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|Title:||The political economy of FDI location : why don't political checks and balances and treaty constraints matter?||Authors:||Walter, Andrew||Keywords:||DRNTU::Social sciences::Economic development||Issue Date:||2002||Source:||Walter, A. (2002). The political economy of FDI location : why don't political checks and balances and treaty constraints matter? (RSIS Working Paper, No. 38). Singapore: Nanyang Technological University.||Series/Report no.:||RSIS Working Papers ; 38/02||Abstract:||Although the risk of expropriation for foreign direct investment (FDI) has fallen substantially since the 1970s, political risk continues to be of concern to MNCs in many countries. I ask whether domestic political checks and balances and international legal instruments that aim to protect FDI enable governments to commit credibly to avoid future policies that diminish the value of suck FDI. Utilizing a dataset on the level of foreign activity by majority-owned US manufacturing affiliates by country and industry over 1982-98. I find no evidence that either mechanism encourages inward FDI. Socio-political stability and centrist/technocratic governments do, however, provide positive signals to foreign investors, as many efficient domestic legal systems. Generally, MNCs also pursue various coping strategies that mitigate political and policy risk even in countries with few checks and balances and without investment treaty commitments.||URI:||https://hdl.handle.net/10356/90474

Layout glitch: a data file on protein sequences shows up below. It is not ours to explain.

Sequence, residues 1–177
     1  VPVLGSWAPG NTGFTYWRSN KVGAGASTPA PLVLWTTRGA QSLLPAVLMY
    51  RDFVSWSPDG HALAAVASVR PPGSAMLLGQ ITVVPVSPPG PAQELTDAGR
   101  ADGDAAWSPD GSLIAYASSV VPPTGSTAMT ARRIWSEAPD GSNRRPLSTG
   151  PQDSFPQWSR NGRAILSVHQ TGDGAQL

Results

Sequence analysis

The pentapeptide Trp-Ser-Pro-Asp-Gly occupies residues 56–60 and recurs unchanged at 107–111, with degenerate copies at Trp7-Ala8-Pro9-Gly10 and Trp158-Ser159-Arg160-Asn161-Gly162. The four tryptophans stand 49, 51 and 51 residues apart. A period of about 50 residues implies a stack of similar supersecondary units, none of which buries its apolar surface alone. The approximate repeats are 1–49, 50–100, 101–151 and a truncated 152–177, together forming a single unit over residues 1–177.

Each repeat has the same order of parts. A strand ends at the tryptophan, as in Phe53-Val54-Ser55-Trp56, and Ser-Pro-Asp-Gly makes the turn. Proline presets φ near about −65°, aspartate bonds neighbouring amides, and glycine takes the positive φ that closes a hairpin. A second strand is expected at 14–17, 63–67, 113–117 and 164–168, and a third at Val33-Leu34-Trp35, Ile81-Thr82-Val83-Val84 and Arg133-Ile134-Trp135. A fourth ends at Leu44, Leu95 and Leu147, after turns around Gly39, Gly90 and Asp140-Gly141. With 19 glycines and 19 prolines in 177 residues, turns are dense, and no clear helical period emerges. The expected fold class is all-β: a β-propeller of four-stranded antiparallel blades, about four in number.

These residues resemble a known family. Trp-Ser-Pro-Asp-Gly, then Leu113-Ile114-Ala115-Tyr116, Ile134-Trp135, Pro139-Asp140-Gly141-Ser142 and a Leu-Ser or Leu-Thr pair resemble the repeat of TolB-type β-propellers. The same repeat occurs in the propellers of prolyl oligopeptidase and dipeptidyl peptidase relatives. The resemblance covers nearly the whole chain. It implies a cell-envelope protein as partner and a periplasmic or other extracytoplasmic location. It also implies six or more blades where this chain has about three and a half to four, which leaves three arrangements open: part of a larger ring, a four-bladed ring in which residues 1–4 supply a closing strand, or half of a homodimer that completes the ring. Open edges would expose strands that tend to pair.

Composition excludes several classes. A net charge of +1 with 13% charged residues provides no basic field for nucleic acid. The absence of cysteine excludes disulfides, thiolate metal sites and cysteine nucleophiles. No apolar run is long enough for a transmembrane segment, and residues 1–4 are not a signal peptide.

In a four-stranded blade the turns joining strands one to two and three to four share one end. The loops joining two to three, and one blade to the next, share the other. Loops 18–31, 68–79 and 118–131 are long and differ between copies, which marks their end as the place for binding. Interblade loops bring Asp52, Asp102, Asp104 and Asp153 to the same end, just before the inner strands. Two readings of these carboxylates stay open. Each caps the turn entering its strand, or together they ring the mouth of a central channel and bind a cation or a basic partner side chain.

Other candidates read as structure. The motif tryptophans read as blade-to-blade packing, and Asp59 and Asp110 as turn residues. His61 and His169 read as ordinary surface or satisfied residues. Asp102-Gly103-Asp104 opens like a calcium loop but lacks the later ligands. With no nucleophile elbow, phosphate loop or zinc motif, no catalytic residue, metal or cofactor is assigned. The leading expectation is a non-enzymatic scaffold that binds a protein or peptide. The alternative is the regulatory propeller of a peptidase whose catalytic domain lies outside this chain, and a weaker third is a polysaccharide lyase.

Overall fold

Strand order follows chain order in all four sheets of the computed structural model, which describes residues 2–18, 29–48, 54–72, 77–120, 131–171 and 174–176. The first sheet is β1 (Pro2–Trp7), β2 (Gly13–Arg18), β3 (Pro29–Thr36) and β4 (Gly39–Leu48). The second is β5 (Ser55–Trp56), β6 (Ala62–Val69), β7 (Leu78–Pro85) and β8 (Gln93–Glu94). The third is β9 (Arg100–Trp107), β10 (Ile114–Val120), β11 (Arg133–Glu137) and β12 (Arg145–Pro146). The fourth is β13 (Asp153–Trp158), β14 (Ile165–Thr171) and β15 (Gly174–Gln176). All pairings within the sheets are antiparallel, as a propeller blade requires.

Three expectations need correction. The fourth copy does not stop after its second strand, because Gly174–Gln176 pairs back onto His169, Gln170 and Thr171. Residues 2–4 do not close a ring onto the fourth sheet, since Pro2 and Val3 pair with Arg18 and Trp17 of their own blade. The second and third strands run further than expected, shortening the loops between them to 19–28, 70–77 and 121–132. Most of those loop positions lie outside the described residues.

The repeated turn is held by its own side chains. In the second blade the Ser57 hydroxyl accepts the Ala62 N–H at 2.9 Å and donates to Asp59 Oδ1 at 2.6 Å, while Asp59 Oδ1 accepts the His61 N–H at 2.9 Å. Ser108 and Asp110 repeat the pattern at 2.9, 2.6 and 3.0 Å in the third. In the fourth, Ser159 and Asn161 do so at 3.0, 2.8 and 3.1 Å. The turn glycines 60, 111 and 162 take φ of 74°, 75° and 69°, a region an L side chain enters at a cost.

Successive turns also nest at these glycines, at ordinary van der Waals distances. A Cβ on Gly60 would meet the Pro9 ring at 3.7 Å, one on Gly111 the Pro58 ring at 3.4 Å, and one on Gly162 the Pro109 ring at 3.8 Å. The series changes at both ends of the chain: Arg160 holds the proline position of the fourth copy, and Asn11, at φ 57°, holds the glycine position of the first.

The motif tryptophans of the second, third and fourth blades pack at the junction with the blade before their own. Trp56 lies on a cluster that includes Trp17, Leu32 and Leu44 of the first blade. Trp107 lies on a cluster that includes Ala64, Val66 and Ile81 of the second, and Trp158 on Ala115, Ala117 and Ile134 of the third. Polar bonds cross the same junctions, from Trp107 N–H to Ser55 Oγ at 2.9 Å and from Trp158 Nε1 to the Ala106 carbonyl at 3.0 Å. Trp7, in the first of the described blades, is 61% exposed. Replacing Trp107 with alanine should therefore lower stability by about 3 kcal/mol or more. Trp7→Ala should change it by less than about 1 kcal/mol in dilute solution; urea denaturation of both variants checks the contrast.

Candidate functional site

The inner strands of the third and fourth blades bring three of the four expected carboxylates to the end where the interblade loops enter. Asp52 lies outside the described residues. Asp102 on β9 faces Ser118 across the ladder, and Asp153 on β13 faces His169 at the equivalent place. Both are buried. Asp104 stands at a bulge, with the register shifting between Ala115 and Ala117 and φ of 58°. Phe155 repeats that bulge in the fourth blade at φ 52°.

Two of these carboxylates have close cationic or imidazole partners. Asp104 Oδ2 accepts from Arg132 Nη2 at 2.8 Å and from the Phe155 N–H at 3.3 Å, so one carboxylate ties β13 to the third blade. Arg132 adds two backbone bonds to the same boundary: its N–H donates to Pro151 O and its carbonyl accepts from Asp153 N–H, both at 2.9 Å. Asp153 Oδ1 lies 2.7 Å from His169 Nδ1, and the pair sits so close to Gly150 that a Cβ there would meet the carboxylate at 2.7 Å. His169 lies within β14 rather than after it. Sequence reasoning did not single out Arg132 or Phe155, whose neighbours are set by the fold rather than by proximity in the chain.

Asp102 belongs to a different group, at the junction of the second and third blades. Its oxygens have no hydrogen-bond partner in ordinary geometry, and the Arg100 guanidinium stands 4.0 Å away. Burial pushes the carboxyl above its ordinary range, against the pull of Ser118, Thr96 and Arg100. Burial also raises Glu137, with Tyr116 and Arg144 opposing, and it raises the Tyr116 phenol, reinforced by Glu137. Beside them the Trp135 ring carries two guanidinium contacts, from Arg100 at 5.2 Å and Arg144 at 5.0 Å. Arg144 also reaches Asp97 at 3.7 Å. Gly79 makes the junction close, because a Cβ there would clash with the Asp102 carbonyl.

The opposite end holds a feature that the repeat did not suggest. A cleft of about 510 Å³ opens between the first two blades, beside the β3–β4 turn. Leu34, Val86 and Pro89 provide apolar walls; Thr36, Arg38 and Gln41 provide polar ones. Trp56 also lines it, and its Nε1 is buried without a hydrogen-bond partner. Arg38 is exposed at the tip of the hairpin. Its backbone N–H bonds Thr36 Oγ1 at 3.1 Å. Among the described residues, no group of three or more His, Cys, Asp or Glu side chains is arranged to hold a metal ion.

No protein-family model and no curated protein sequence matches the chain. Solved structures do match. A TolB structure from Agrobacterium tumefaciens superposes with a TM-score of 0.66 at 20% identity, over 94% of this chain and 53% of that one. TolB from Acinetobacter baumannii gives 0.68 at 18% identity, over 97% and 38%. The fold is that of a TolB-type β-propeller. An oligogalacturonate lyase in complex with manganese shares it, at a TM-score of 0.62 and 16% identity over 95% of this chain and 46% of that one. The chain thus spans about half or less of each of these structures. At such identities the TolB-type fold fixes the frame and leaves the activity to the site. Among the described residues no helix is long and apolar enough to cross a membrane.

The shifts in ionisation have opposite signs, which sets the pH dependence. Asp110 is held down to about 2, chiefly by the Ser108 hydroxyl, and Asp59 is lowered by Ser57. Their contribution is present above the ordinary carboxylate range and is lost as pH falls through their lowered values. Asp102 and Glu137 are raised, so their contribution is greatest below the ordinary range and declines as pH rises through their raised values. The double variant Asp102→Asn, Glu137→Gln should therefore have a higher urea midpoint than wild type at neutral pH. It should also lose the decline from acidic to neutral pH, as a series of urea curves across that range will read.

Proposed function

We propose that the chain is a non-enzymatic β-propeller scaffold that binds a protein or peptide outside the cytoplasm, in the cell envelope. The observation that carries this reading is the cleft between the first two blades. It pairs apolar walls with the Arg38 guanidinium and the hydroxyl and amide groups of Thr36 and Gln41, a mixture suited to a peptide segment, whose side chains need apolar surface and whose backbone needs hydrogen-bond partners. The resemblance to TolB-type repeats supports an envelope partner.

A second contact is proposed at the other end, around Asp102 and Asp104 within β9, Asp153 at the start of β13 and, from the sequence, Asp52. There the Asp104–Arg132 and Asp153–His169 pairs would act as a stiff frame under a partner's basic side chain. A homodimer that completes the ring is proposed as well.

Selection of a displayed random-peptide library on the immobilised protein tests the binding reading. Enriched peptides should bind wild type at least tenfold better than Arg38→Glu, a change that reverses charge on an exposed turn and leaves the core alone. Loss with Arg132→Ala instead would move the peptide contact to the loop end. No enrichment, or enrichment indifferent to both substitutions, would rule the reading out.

|Rights:||Nanyang Technological University||Fulltext Permission:||open||Fulltext Availability:||With Fulltext|
|Appears in Collections:||RSIS Working Papers |
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